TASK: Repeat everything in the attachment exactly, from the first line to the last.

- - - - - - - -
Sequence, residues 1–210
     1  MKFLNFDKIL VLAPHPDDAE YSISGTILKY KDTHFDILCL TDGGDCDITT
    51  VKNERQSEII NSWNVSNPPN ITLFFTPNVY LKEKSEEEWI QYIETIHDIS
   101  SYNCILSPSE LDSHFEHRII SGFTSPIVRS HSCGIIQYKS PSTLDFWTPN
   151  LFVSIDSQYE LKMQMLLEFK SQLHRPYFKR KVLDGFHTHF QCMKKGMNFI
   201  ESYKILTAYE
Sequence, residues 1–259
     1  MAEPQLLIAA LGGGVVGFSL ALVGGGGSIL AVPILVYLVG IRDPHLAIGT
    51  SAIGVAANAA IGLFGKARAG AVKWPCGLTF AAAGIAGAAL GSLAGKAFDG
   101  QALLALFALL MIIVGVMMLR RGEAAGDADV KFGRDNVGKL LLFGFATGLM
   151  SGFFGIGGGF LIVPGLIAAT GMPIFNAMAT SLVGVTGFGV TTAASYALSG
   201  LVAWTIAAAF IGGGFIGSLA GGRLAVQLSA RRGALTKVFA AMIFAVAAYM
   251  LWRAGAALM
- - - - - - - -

Sequence, residues 1–210
     1  MKFLNFDKIL VLAPHPDDAE YSISGTILKY KDTHFDILCL TDGGDCDITT
    51  VKNERQSEII NSWNVSNPPN ITLFFTPNVY LKEKSEEEWI QYIETIHDIS
   101  SYNCILSPSE LDSHFEHRII SGFTSPIVRS HSCGIIQYKS PSTLDFWTPN
   151  LFVSIDSQYE LKMQMLLEFK SQLHRPYFKR KVLDGFHTHF QCMKKGMNFI
   201  ESYKILTAYE
Sequence, residues 1–259
     1  MAEPQLLIAA LGGGVVGFSL ALVGGGGSIL AVPILVYLVG IRDPHLAIGT
    51  SAIGVAANAA IGLFGKARAG AVKWPCGLTF AAAGIAGAAL GSLAGKAFDG
   101  QALLALFALL MIIVGVMMLR RGEAAGDADV KFGRDNVGKL LLFGFATGLM
   151  SGFFGIGGGF LIVPGLIAAT GMPIFNAMAT SLVGVTGFGV TTAASYALSG
   201  LVAWTIAAAF IGGGFIGSLA GGRLAVQLSA RRGALTKVFA AMIFAVAAYM
   251  LWRAGAALM